In recent years, there has been growing criticism over the leasehold type of ownership and certain specific aspects of how the leasehold market operates. The concerns have been raised, particularly, about the high and escalating ground rents, excessive service charges, the landlord’s right to terminate a lease if the leaseholder remains in breach of its terms, or houses being sold on a leasehold, as opposed to freehold basis, for no apparent reason other than for developers to extract a profit from owning the freehold. Additionally, the leasehold, in comparison with the freehold, is often seen as a wasting asset due to the fact that it is time-limited, i.e. the less time is left on the lease, the less valuable the property becomes and the more expensive the lease extension would be.
In an attempt to address these issues, on 21 July 2020 the Law Commission published a report on leasehold enfranchisement “Leasehold Home Ownership: Buying your Freehold or Extending Your Lease”.
Leasehold enfranchisement, in simple terms, is the right for people who own the residential property on a long lease to buy the freehold or extend their lease. A long lease is a lease which had an original term of over 21 years when it was first granted.
At present, the leaseholders of flats have the right to extend their lease, once they have owned it for at least two years, for another 90 years at a ‘peppercorn rent’ (a peppercorn rent means that no ground rent is paid). The landlord is entitled to a premium (the price) for extending the lease, and this is based on a formula set out in the Leasehold Reform Housing and Urban Development Act 1993, as amended by any future Acts that apply. The enfranchisement process is initiated by serving the leaseholder’s notice (section 42 notice) on the landlord with the proposed price for the lease extension (the price is usually calculated and advised by the leaseholder’s instructed surveyor). The landlord would then serve a counter-notice with a counter-proposal. In the event that both parties are not able to agree the premium, the matter will be determined in the First-tier Property Tribunal. As can be already seen through this very brief and simplified summary, the enfranchisement process is not very straightforward. It has a number of potential legal pitfalls to be wary of, therefore, seeking a legal advice is strongly recommended.
The major change proposed by the Law Commission is that leaseholders of both flats and houses should have a new right to a lease extension for a term of 990 years, in place of current, shorter extensions of 90 or 50 years respectively. The leaseholders should also be able to enfranchise immediately after acquiring their lease rather than having to wait two years as they do now. There would be no ground rent under the extended lease and landlords would not be able to use the lease extension process to impose new, onerous obligations. These recommendations, if implemented, mean that the vast majority of the property’s value would be placed back in the hands of the leaseholder, preventing the need for further extensions and providing homeowners with the increased security.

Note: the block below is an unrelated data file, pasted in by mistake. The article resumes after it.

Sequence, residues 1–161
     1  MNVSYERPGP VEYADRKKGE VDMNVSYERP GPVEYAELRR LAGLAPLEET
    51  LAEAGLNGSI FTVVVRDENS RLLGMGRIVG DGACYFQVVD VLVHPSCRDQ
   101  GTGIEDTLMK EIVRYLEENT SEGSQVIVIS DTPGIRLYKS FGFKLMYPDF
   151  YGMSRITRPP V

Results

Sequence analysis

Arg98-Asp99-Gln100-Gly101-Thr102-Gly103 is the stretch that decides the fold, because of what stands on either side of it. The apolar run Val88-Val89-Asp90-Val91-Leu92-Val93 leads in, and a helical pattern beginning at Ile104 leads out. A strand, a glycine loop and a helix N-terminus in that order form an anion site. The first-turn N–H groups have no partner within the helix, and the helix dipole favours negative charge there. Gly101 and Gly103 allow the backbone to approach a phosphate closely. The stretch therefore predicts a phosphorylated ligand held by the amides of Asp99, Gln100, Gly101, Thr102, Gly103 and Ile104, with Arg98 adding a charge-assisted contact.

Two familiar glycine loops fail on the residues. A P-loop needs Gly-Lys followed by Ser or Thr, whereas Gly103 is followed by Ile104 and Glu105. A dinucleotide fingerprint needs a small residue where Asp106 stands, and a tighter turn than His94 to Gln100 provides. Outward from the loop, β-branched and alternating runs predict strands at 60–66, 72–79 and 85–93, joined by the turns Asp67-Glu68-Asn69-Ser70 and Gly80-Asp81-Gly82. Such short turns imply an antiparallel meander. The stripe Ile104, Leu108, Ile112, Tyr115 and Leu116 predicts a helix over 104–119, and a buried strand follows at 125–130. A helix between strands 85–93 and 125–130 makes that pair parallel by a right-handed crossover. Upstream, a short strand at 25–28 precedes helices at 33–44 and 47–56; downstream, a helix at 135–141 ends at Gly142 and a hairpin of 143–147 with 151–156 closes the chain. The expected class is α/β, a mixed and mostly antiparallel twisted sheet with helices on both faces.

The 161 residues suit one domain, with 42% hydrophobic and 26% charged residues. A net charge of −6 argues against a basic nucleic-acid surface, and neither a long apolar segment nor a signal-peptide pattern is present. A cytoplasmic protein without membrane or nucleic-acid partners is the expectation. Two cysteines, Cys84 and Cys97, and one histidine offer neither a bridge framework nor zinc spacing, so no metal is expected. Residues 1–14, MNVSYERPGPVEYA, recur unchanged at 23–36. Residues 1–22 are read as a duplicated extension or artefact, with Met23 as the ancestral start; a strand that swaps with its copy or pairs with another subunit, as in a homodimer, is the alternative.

The proposals also aim to expand the scope of enfranchisement by allowing flat owners to buy together the freehold of premises where up to 50% of the building is commercial space rather than the current limit of 25%.
Finally, the Law Commission brought attention to the current legislation covering leasehold enfranchisement calling it very complex, inconsistent and costly for the leaseholder. The Law Commission suggested that the various procedures for making enfranchisement claims should be replaced with a single procedure and simplified in order to remove the legal traps which cause claims to fail and which enable unfair procedural or tactical advantages for landlords with experience of the system. In addition, the current requirement for leaseholders to pay their landlord’s costs of dealing with a claim should be eliminated or controlled.
For those leaseholders who are thinking of extending their leases or buying a freehold of their premises, it is important to be aware of these proposed reforms when considering initiating the enfranchisement process. For those who still have a safe margin of years to run on their leases, it might be sensible to wait for the government’s reaction. However, at present it remains uncertain when, and if at all, these reforms will be implemented.
If you are considering extending your lease or buying a freehold of your premises and wish to understand your options, or you have any other Landlord and Tenant enquiries, please contact our Property Team for assistance.
The material contained in this article is provided for general purposes only and does not constitute legal or other professional advice. Appropriate legal advice should be sought for specific circumstances and before action is taken.
© Miller Rosenfalck LLP, October 2020